It’s an annual event every small business owner knows well: business insurance renewal time. Life is constantly changing and evolving, and so too is your business. Your commercial insurance policy needs to account for those changes to ensure you’re adequately protected.

Small business insurance policies are typically one-year contracts between an insurance company and an insured or business owner. A month or two before your policy expires, you will likely receive a notice from your broker that it’s time to renew your policy for another year. It’s important to note that most business insurance policies are not automatically renewed, unlike your personal car insurance policy. Therefore, it’s worthwhile to know when your existing policy expires so you can act beforehand to renew it and not be left uninsured should you not receive a renewal notice.

But what steps should a small business owner take when they receive notice their policy is coming due for renewal? At a minimum, you need to think about how your business changed. Here are five things to think about before renewing your policy:

Man renewing business insurance

1. How has your inventory or services changed?

Over the past 12 months, did you expand the types of products you sell or increase the amount of inventory you’re holding in storage? If so, it’s possible you need to add or up your product liability insurance coverage. Did you add to your business’s menu of services? For example, maybe you’re now providing delivery services to your customers because of the ongoing pandemic. Whatever the case may be, consider how your business has changed or expanded. You may need to increase the limit of your commercial property insurance if your warehouse footprint is expanded, or add a commercial auto policy if you’re now making deliveries to customers.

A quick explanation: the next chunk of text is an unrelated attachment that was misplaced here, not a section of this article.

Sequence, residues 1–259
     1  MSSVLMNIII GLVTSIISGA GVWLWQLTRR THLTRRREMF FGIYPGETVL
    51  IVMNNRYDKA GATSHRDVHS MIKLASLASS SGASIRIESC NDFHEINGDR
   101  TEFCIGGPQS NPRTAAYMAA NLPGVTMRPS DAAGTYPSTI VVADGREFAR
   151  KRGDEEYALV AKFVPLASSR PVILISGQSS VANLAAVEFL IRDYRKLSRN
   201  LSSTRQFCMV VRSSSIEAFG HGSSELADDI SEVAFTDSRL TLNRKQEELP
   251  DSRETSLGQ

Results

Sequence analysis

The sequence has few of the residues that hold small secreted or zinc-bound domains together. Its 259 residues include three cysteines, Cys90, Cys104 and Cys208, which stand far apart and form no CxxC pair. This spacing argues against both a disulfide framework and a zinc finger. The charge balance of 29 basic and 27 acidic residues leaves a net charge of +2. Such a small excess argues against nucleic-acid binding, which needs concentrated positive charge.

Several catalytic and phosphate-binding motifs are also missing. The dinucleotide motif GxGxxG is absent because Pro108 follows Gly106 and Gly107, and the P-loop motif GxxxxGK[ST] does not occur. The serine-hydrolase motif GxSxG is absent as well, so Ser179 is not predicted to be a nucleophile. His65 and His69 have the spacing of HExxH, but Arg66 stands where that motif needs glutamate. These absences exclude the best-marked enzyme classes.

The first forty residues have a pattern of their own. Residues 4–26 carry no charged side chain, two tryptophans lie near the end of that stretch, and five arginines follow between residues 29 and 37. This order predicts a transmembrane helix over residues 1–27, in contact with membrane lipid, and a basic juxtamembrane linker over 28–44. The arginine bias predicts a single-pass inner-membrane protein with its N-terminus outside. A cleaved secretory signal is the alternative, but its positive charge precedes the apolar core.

2. Did you move your business to a new location?

If your office, retail store, or workplace moved to a different location, you need to inform your broker. Your business’s location is one of several factors insurance companies consider when determining your annual premium. Your premium may decrease if you’re now located in a smaller, safer building or one with increased safety measures. Perhaps you didn’t move to a new location but built an extension to or renovated your existing commercial property. If so, it may affect the cost to rebuild your property following an insured event such as a fire, or it could mean your existing commercial general liability coverage needs to be re-examined. Therefore, let your licensed broker know about the changes to your business space.

3. Did you purchase new equipment for your company?

Whether new computing systems or machinery, if you bought new equipment to replace outdated gear or added new equipment as your business grows, you need to protect it with equipment breakdown insurance. Or you may require tools and equipment insurance if yours are transportable tools you use to complete work-related projects. Think about the new equipment you now have. If you already have these policies, you may need to increase your coverage limits.

4. Are you conducting more business online?